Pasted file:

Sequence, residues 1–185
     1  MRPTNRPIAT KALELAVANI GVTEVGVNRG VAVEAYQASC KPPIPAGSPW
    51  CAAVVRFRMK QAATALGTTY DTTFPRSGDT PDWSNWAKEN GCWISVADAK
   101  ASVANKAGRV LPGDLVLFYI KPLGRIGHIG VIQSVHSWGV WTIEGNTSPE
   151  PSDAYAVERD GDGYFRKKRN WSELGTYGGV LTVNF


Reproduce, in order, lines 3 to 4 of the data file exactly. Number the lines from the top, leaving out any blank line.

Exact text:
    51  CAAVVRFRMK QAATALGTTY DTTFPRSGDT PDWSNWAKEN GCWISVADAK
   101  ASVANKAGRV LPGDLVLFYI KPLGRIGHIG VIQSVHSWGV WTIEGNTSPE